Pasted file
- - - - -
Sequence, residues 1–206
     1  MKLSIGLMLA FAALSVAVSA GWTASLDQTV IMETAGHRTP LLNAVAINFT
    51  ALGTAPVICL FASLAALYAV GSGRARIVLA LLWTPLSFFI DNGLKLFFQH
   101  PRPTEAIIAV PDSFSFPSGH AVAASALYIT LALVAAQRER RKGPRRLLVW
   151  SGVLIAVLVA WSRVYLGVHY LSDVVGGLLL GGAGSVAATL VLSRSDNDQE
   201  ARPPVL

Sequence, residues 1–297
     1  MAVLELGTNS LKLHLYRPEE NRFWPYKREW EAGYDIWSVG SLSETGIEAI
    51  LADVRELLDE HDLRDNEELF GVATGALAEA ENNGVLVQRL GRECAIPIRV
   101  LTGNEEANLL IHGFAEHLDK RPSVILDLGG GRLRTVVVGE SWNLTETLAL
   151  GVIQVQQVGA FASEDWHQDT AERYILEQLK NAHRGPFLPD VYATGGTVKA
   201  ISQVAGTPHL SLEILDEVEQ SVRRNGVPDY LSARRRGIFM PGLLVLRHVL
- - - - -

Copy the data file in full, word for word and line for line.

Sequence, residues 1–206
     1  MKLSIGLMLA FAALSVAVSA GWTASLDQTV IMETAGHRTP LLNAVAINFT
    51  ALGTAPVICL FASLAALYAV GSGRARIVLA LLWTPLSFFI DNGLKLFFQH
   101  PRPTEAIIAV PDSFSFPSGH AVAASALYIT LALVAAQRER RKGPRRLLVW
   151  SGVLIAVLVA WSRVYLGVHY LSDVVGGLLL GGAGSVAATL VLSRSDNDQE
   201  ARPPVL

Sequence, residues 1–297
     1  MAVLELGTNS LKLHLYRPEE NRFWPYKREW EAGYDIWSVG SLSETGIEAI
    51  LADVRELLDE HDLRDNEELF GVATGALAEA ENNGVLVQRL GRECAIPIRV
   101  LTGNEEANLL IHGFAEHLDK RPSVILDLGG GRLRTVVVGE SWNLTETLAL
   151  GVIQVQQVGA FASEDWHQDT AERYILEQLK NAHRGPFLPD VYATGGTVKA
   201  ISQVAGTPHL SLEILDEVEQ SVRRNGVPDY LSARRRGIFM PGLLVLRHVL